The full model linking the social cognition factors with the schizotypy factors showed a fair fit (see Table 1 and Figure 3).


Descriptive statistics for all measures can be found in Table 2, and zero-order correlations are presented in Table 3.

Examination of the eight paths linking the two social cognition latent variables to the four schizotypy latent variables revealed that only one path was statistically significant after a Bonferroni correction for the eight paths of interest (p<.006). The one significant path was a negative relationship (standardized coefficient  = −0.30, p<.001) between the Negative factor of schizotypy with Empathy. We further confirmed this finding by randomly dividing the sample into two subsets and running the same analysis, which revealed this same isolated finding within each subset, as was found in the entire sample. To further explore the subcomponents driving this relationship, we examined a fourth model which examined Empathy and the Negative factor of schizotypy in the absence of all other factors. The model showed a fair fit (see Table 1 and Figure 4). All paths in model were statistically significant (all ps <.001). Examination of the standardized coefficients in Figure 4 revealed that the Empathic Concern scale of the IRI (standardized coefficient  = .87) was the primary component of Empathy driving the relationship with the Negative factor of schizotypy, followed by the Perspective Taking (.55) and Fantasy (.38) subscales of the IRI. When examining the subscales of the Negative schizotypy factor, the No Close Friends (.89) subscale was the primary subscale driving the relationship with Empathy, followed by Constricted Affect (.80), Social Anxiety (.63), Social Anhedonia (.59), and Suspiciousness (.58).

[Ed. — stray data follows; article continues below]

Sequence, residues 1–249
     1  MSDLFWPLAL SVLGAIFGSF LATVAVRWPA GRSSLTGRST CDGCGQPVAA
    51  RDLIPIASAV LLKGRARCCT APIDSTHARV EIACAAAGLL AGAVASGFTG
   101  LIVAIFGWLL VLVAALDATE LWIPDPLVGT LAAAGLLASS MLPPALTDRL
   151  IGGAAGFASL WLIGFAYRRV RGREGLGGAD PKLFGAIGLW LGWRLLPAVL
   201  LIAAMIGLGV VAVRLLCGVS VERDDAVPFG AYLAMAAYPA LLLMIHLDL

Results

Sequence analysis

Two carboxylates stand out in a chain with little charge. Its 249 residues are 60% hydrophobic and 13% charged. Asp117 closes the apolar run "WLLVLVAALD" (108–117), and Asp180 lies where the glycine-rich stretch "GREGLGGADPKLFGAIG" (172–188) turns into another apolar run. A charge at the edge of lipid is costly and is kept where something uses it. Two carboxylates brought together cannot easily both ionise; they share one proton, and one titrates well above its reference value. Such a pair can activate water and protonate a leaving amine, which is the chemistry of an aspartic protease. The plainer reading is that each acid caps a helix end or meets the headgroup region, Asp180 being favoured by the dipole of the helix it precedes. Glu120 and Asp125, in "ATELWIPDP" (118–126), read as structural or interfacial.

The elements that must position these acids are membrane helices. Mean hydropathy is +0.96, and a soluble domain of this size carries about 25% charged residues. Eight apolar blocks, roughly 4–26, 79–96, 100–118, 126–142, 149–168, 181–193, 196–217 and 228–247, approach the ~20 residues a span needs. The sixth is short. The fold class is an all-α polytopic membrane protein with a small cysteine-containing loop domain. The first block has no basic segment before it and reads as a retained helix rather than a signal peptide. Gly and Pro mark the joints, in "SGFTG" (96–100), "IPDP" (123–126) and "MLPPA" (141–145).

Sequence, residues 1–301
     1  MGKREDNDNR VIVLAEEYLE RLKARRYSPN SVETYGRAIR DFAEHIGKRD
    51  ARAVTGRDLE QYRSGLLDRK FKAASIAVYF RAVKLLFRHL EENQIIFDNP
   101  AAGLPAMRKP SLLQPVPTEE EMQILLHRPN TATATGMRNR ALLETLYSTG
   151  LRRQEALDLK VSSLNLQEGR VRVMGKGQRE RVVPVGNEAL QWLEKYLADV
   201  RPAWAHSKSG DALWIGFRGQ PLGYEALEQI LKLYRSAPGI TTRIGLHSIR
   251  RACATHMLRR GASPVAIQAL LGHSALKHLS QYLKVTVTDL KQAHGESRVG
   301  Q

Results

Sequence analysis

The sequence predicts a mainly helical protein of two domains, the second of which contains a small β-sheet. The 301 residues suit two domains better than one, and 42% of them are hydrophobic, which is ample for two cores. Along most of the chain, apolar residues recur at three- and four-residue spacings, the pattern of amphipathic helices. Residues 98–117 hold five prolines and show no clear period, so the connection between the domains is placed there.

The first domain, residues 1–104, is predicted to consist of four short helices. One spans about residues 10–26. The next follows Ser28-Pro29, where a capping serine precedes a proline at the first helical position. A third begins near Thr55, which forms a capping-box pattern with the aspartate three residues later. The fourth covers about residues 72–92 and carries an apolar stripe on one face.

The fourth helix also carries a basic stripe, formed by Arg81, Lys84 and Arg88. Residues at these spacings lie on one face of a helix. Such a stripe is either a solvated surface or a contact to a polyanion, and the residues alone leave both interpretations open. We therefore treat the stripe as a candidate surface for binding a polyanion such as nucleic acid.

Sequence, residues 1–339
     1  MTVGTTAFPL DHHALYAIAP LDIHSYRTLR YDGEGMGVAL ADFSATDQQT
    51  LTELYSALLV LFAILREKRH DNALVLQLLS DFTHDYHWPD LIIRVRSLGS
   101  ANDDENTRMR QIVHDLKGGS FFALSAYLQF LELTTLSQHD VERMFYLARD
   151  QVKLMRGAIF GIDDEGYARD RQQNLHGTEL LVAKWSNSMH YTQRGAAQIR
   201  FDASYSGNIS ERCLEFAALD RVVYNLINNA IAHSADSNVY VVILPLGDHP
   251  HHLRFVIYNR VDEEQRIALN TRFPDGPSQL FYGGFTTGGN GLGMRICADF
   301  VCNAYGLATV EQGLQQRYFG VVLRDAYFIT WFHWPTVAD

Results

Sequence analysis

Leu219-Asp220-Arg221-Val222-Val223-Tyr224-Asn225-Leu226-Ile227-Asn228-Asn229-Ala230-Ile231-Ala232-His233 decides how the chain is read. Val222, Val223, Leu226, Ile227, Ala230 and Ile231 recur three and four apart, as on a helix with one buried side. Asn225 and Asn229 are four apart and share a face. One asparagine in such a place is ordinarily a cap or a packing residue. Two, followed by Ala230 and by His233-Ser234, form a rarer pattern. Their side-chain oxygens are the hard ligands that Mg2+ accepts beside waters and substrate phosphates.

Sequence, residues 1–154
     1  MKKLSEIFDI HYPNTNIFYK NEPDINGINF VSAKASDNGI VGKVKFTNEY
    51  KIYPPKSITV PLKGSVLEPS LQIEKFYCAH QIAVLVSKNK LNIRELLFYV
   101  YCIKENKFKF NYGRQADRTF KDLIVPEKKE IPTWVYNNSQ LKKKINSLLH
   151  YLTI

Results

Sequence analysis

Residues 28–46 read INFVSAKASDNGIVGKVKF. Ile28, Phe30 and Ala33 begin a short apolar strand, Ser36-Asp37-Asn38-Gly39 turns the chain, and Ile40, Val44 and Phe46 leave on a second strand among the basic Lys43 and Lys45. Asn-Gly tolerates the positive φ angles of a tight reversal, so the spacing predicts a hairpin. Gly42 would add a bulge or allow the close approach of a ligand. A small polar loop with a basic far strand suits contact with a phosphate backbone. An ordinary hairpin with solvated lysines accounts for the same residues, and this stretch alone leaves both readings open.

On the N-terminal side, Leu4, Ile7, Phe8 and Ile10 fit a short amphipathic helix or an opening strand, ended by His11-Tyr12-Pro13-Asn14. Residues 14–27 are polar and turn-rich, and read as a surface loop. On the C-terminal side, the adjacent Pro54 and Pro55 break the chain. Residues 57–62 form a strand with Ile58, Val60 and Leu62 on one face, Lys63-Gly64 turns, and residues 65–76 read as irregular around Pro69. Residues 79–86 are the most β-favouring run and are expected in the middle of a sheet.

Figure 4. Structural equation model linking negative schizotypy to empathy.